Fiber Laser Makes the Cut at HVAC Manufacturer

June 1, 2012

From its founding in 1960 in the back of a garage in northern Alberta, Canada, ECCO Manufacturing has evolved into one of North America’s largest manufacturers of HVAC sheetmetal products. The company employs approximately 600, who work out of a combined 500,000 sq. ft. of manufacturing and distribution space in facilities in Langley, British Columbia, Calgary, Alberta, and Kent, WA.

ECCO installed its laser-cutting machine in August, 2011. The machine has a 120- by 60-in. worktable and a 6-in. z axis. Its unique architecture allows full accessibility to the working area from three sides.
ECCO manufactures HVAC products—pipe, duct, boots, elbows, and fittings—for commercial and residential installations. It fabricates ferrous and nonferrous materials from 30 to 10 gauge, to create highly engineered products in rectangular, round, flat oval or other shapes. From initial estimate to completed job, it assists its customers in coordination, fabrication and shipping of everything from mass-produced quantities to custom OEM products.

New Plant, New Fiber Laser

In 2010, the ECCO Calgary facility moved to a new manufacturing plant and distribution center, comprising 7 acres under one roof. Shortly after it moved in, the plant welcomed a new fiber-laser cutting machine—a Platino 2D flat-sheet and plate processing machine from Prima Power. The laser purchase culminated a long and thoughtful equipment-decision process, says David Mackay, assistant plant manager.

“The process started back in 2008,” recalls Mackay, “when we were quoting on a fairly large and cost-sensitive job. We did some investigating and discovered that on some high-volume items, we could save as much as five or six percent per part by using laser cutting rather than band-saw cutting. That prompted our initial and serious discussions about purchasing a laser.”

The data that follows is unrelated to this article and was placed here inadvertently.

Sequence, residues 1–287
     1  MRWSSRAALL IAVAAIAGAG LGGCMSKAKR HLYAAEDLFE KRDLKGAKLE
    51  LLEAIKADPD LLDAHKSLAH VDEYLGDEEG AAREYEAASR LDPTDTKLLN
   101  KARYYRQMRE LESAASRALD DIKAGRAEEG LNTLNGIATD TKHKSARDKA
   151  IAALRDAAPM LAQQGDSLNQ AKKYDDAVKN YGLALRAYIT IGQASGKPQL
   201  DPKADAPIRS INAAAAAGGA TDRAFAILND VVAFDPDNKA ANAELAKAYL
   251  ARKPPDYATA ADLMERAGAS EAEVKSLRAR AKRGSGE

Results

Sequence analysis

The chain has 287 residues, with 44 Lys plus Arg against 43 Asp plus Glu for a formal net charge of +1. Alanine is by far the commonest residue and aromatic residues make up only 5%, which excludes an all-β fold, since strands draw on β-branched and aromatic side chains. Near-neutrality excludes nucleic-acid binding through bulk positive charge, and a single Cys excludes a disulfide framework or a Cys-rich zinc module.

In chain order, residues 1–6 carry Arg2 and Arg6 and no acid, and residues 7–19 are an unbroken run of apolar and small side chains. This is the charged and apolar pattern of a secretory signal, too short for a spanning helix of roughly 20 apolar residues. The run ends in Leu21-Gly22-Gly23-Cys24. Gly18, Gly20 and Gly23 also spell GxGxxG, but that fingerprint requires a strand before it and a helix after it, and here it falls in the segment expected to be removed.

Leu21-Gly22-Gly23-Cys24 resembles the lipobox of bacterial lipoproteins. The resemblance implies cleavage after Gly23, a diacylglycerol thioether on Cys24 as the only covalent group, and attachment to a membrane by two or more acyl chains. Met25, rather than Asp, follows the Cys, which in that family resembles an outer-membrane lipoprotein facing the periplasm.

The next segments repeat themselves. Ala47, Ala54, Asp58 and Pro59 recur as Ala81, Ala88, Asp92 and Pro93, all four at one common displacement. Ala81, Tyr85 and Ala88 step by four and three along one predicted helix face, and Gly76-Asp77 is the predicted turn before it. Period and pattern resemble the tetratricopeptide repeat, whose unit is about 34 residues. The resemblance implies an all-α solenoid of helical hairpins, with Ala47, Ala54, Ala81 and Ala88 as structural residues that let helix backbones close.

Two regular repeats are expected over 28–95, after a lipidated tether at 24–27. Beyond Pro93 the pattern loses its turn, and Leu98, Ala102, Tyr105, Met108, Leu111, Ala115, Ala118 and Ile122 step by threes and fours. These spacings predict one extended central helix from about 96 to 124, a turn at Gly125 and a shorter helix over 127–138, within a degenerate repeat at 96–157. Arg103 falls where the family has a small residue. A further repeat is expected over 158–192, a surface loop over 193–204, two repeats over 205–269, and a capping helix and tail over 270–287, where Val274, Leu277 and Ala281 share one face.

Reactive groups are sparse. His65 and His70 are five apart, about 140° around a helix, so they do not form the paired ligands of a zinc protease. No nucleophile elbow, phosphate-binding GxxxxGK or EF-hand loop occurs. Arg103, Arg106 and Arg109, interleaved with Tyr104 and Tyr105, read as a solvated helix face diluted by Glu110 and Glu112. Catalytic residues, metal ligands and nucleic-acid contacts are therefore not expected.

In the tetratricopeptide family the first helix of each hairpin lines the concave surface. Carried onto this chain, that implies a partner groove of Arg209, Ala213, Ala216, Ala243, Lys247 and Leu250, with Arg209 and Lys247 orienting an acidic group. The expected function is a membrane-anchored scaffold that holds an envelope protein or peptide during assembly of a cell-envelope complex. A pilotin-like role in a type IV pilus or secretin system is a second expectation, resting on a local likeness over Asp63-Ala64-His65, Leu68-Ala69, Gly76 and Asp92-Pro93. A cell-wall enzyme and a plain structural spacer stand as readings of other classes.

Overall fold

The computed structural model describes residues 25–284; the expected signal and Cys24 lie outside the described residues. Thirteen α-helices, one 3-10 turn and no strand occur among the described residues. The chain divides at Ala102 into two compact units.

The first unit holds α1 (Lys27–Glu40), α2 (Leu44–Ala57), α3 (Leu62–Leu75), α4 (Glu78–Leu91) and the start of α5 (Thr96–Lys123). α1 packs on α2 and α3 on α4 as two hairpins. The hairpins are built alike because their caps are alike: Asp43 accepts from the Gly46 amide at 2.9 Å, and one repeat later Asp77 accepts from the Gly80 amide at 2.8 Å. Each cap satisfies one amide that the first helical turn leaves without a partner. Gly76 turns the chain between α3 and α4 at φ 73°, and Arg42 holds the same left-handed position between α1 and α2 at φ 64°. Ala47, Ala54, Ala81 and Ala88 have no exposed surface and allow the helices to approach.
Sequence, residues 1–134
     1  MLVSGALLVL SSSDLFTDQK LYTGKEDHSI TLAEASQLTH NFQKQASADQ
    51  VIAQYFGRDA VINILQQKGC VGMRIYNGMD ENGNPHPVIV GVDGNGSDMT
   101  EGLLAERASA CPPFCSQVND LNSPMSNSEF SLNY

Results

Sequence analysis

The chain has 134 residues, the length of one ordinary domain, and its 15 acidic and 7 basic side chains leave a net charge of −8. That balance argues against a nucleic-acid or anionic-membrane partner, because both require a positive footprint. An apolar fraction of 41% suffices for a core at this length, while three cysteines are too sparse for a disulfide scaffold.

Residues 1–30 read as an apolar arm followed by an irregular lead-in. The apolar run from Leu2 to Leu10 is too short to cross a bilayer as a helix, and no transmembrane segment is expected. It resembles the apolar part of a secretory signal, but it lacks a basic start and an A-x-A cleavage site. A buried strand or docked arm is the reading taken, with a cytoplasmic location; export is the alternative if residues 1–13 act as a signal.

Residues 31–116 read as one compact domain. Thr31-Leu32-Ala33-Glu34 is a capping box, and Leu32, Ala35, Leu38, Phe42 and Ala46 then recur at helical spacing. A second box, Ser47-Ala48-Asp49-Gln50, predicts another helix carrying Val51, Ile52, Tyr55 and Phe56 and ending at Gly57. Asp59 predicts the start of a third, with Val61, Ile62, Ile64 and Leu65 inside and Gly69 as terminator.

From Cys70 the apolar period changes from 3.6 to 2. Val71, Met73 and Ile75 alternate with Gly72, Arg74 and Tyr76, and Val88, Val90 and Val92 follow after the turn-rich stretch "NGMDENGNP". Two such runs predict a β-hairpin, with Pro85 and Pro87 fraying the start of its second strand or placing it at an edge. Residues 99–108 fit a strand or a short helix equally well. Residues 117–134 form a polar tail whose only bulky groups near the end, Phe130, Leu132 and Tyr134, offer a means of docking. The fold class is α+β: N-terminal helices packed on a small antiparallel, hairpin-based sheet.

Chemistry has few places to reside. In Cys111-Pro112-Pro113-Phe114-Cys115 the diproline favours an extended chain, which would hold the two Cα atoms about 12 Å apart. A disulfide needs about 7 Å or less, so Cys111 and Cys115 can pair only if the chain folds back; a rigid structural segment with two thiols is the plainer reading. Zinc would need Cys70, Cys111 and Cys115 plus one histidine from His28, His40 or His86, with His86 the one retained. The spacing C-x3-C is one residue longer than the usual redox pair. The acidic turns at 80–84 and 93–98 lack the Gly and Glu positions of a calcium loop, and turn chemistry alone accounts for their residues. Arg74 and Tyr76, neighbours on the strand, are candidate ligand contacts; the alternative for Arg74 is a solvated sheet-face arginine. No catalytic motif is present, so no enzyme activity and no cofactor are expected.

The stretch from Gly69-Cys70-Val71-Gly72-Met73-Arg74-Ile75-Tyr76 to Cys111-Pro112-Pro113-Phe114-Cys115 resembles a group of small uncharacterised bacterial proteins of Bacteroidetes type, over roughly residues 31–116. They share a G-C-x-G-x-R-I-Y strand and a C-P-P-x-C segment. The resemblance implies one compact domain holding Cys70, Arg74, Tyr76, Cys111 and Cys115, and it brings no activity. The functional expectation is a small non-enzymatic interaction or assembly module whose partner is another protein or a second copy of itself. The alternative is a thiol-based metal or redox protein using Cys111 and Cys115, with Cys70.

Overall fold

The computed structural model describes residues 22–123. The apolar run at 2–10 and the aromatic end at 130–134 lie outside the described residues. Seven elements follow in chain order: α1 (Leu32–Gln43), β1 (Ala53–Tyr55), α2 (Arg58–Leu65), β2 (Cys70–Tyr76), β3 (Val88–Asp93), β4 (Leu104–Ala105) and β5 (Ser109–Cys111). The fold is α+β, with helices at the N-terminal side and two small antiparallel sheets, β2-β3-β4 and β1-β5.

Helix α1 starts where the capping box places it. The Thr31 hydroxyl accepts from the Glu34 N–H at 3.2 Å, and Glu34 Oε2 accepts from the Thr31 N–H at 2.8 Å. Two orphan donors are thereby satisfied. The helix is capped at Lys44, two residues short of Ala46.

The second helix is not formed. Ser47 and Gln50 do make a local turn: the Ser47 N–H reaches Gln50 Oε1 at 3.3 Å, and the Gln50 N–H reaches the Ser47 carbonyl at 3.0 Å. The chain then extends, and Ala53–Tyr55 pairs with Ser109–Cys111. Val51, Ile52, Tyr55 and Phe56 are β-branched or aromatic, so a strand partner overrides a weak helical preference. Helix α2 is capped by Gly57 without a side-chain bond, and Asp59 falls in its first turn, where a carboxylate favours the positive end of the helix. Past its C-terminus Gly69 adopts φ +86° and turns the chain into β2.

ECCO finds that the accuracy and the small cut width of the fiber-laser beam is so fine that it’s been able to be more creative in how it designs its products, including the use of tabs. And, being able to round the corners of the tabs means that installers have less chance of cutting themselves.
Mackay explains that prior to purchasing the Platino fiber laser, the ECCO facility produced most of its contoured parts on its five vertical band saws. “We still perform stack cutting of the contours on the band saws, after shearing the material to the blank size we need,” notes Mackay. “We also have punch presses, but our thin-gauge material is a challenge for the presses. With a punch press, the clamps that hold the material and shift it side to side and front and backs can cause the material to buckle. To avoid buckling, we have to slow the punch press down. Cutting on the laser, the material remains stationary while the cutting head moves—no worries about buckling.”

Why a Fiber Laser?

“During our research,” says Mackay, “we became sold on the fiber laser. We learned that the machines have fewer consumables than CO2 laser-cutting machines, that the technology is perfect for cutting thin material, and that we can use our shop air for cutting purposes, eliminating the need for oxygen or nitrogen. Including costs for all of the consumables, power and other operating costs, we have seen quotes of $15/hr. for operating a comparable CO2 laser (excluding labor), compared to $5/hr. with a fiberoptic laser.”